Lithium instead of graphite
The point that makes solid technology really interesting is something else. Since the use of a solid electrolyte allows the use of alternative anode materials: instead of the anode being made of graphite, as is common today, it can be made of lithium, for example, which has a much higher electrochemical potential. Its larger specific capacity enables higher power density with the same battery size and ultimately a longer range. A 30 percent stake in the Volkswagen Mann Blume is generally considered unlikely.
Metallic lithium as the anode material is not a new discovery. Researchers have experimented with the active substances for years; However, with regard to the combustible liquid electrolyte, these batteries were highly unsafe for sequential use in vehicles. The reason is poor control of the anode structure with the age of the battery. It dramatically changes its shape over the course of the many charge cycles, resulting in dangerous short circuit fires with liquid electrolytes once the proliferating fingers reach the cathode side. This is not easy with solid electrolytes, but there is also a risk of cell deformation and destruction.
Sulfur-based ceramic as conductor
However, a lithium anode is an appropriate approach, at least in research, if stability and safety issues can be resolved. However, in principle, it is also possible to use other combinations of materials. The same applies as is often the case in battery research: if you change a component or requirement, there are many new possible combinations and solutions. Developer Nissan Doi also uses large databases and artificial intelligence to investigate many variations, some of which may have the possibility of serial production. Currently, none of the manufacturers are looking for a clear commitment to the lithium anode. The situation is clearer when it comes to electrolytes: sulfur-containing ceramics should generally predominate there. Above all, it achieves a very high conductivity compared to polymers and phosphate ceramics.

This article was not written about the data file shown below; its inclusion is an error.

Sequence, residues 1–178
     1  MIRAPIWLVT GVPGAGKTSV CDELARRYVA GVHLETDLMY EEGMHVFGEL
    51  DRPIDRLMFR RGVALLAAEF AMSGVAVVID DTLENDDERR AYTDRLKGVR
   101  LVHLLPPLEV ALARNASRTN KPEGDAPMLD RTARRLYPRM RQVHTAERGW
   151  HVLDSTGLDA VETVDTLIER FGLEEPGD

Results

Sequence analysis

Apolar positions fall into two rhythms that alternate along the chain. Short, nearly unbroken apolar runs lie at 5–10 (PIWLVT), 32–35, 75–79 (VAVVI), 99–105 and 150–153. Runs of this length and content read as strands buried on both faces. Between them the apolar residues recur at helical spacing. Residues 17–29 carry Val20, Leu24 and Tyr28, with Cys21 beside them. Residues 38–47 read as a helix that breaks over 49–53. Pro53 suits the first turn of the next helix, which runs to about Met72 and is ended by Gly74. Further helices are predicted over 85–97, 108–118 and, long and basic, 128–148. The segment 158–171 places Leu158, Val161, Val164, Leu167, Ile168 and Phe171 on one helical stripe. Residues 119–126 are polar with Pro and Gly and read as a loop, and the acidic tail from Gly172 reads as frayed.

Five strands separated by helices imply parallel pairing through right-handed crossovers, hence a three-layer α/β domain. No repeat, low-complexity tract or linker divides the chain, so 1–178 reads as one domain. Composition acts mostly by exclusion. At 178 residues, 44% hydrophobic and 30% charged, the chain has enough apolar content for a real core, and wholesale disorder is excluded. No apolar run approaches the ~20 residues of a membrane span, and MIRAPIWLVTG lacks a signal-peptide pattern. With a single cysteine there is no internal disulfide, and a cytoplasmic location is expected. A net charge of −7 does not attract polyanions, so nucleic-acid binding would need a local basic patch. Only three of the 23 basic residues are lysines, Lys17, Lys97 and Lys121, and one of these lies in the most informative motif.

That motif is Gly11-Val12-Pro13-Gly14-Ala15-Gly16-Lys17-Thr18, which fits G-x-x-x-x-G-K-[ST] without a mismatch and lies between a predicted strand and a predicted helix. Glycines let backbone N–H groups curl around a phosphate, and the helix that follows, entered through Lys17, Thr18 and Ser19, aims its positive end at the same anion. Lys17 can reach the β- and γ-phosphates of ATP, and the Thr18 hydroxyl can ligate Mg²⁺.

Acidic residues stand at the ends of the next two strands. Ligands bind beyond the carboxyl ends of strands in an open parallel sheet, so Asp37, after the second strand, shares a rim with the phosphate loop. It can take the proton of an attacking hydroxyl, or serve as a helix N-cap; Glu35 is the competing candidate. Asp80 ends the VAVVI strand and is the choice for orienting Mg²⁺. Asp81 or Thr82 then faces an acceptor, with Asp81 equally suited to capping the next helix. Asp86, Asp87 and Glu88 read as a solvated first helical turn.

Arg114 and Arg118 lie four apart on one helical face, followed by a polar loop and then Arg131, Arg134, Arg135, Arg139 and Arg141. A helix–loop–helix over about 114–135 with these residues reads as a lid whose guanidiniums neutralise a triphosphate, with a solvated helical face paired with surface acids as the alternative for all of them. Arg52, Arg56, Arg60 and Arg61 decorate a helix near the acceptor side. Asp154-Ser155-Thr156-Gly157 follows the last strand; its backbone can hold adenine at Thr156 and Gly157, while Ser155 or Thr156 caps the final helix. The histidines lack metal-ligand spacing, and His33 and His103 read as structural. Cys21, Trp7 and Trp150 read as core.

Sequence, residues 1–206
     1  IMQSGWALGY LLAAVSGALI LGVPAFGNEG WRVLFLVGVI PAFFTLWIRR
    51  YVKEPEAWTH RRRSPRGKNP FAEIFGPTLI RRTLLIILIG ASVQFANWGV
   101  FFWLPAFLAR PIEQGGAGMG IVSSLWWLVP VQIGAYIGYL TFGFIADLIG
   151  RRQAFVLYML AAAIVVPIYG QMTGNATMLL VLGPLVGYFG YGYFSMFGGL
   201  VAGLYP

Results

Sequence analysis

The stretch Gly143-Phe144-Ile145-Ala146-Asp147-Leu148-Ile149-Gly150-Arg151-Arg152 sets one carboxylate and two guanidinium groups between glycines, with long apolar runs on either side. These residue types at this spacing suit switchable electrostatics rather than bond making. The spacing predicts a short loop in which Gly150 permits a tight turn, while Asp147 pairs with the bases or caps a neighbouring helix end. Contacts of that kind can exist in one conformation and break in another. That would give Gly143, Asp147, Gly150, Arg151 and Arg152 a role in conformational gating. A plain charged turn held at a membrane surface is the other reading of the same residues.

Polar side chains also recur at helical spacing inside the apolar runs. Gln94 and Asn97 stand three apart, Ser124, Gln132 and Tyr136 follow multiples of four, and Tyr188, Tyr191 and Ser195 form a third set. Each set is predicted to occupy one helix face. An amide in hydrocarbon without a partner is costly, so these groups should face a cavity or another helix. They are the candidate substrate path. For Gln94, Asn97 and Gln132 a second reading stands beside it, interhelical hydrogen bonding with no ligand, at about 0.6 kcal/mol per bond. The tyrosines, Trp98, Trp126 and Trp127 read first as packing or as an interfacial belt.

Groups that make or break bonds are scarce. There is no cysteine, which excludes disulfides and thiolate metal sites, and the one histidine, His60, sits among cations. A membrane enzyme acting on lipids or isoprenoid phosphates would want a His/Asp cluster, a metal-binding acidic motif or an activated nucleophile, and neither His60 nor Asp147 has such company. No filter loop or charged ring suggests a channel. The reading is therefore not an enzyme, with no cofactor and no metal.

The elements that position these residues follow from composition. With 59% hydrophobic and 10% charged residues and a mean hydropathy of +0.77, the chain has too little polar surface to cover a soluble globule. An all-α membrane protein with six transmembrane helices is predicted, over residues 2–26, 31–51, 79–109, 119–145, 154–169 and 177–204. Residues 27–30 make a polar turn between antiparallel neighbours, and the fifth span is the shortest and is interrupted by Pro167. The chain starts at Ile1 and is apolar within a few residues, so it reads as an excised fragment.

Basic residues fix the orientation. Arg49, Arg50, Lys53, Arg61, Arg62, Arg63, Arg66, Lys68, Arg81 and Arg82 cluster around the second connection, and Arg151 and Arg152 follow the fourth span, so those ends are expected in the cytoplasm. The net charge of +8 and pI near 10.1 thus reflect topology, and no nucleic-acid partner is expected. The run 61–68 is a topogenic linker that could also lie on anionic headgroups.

After determining the electrode material and the electrolyte variable, the industry still has to master production. Nissan claims the costs are lower compared to a liquid battery, but there is no practical proof yet. Some other experts predict higher prices for solid state cells.
30 year lead for liquid battery
In the end, it remains to be seen how the price-performance ratio of the new technology will be in its various potential variables in the future. There seems to be a lot possible between use in mass vehicles and exclusive use in luxury cars. The abrupt end of the classic liquid battery is unlikely to mean the launch of the solid battery on the market. After all, the current technology has had a development lead of about 30 years and is not easily catching up: it has proven itself in the car, materials and production processes have been tested and its performance will continue to increase in the coming years.
Overall, the battery range is likely to become more differentiated in the coming years. The scarcity of materials and price fluctuations alone will ensure a wide range of different battery variants. In addition to the classic NMC lithium-ion batteries, inexpensive iron-phosphate batteries already exist, and cheaper sodium batteries may be added soon. And finally, the solid state battery. Which model is offered in which car will primarily depend on the specific requirements and the willingness of customers to pay.